Oscar Niemeyer: Brazil bids final farewell to architect

Oscar Niemeyer's coffin being taken from the presidential palace in Brasilia (7 Dec) Mr Niemeyer's coffin was taken to Rio from the presidential palace in Brasilia, one of the buildings he designed

Related Stories

Thousands of Brazilians have paid their final respects to the renowned architect Oscar Niemeyer, who died on Wednesday at the age of 104.

Mourners filed past his coffin in the capital Brasilia and later in Rio de Janeiro where the funeral took place.

Flowers were sent by admirers around the world including the Cuban leader Raul Castro and his brother, Fidel.

Mr Niemeyer achieved fame as the architect of government buildings in Brasilia, inaugurated in 1960.

On Friday, his coffin lay covered with the Brazilian flag and three red roses in Rio's City Hall as mourners filed past.

Oscar Niemeyer's funeral cortege arrives at Planalto Palace in Brasilia. 6 December 2012

It had been flown there from Brasilia where it had lain in the Planalto presidential palace - a building he had designed.

At the Sao Joao Batista Cemetery in Rio, mourners followed the funeral cortege through the front gates.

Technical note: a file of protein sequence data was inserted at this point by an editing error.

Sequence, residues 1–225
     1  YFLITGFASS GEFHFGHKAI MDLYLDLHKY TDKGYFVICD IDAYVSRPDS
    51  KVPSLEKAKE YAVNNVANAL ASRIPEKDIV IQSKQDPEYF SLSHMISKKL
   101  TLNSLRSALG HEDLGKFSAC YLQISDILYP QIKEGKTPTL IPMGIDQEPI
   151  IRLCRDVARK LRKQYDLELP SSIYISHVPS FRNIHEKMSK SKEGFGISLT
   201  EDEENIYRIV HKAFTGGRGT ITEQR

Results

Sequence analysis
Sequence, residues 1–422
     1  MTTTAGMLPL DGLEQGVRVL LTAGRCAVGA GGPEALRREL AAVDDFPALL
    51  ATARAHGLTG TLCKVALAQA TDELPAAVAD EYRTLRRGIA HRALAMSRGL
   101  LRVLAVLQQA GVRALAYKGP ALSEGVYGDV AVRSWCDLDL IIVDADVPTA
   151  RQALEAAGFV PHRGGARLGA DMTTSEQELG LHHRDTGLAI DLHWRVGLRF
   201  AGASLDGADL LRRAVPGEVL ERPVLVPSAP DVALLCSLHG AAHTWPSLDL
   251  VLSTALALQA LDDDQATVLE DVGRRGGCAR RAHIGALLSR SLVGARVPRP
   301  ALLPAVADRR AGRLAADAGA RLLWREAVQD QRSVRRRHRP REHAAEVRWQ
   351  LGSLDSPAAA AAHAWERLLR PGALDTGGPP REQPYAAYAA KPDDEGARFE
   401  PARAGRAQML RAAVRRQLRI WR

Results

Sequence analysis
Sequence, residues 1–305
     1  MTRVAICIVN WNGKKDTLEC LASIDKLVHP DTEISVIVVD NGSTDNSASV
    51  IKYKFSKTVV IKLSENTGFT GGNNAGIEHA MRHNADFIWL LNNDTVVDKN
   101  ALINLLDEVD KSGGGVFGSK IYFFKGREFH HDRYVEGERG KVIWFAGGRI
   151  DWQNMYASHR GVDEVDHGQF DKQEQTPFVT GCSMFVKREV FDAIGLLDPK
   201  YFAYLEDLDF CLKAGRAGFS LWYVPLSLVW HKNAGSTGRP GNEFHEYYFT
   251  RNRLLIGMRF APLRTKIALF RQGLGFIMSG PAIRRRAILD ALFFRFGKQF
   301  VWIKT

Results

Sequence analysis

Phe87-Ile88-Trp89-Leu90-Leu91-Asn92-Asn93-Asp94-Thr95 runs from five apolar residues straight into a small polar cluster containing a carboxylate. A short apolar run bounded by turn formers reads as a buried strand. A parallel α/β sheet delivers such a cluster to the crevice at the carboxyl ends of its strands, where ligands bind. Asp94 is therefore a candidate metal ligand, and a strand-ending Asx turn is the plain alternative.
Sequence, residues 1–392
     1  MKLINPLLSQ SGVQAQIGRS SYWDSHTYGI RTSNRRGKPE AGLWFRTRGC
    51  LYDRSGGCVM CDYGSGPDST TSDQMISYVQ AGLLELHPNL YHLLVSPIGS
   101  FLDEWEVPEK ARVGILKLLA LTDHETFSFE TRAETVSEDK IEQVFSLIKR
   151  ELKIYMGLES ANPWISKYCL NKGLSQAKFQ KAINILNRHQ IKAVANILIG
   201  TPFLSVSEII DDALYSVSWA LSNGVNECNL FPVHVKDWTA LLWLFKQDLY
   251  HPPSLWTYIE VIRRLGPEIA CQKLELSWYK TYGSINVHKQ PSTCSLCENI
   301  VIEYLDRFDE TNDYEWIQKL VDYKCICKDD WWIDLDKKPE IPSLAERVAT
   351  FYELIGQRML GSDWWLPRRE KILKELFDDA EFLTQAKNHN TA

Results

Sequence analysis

Some prayed and sang hymns while others waved the communist party flag - the architect was a firm communist and atheist.

A samba group played during the interment.

Oscar Niemeyer started his career in the 1930s and his bold futuristic designs in Brasilia made the new capital an icon of modern architecture.

Mr Niemeyer also worked with Swiss-born modernist architect Le Corbusier on the UN building in New York.

More on This Story

Related Stories

More Latin America & Caribbean stories

RSS

Features & Analysis

Elsewhere on the BBC

  • MouseEscape the rat race

    Burnt out? Meet the workers who took more than a vacation - and changed their lives

Programmes

  • (File photo) A man dressed as Father Christmas with a sleigh and a reindeer Click Watch

    A website which tracks Father Christmas, plus other sites and apps to keep you entertained

BBC © 2014 The BBC is not responsible for the content of external sites. Read more.

This page is best viewed in an up-to-date web browser with style sheets (CSS) enabled. While you will be able to view the content of this page in your current browser, you will not be able to get the full visual experience. Please consider upgrading your browser software or enabling style sheets (CSS) if you are able to do so.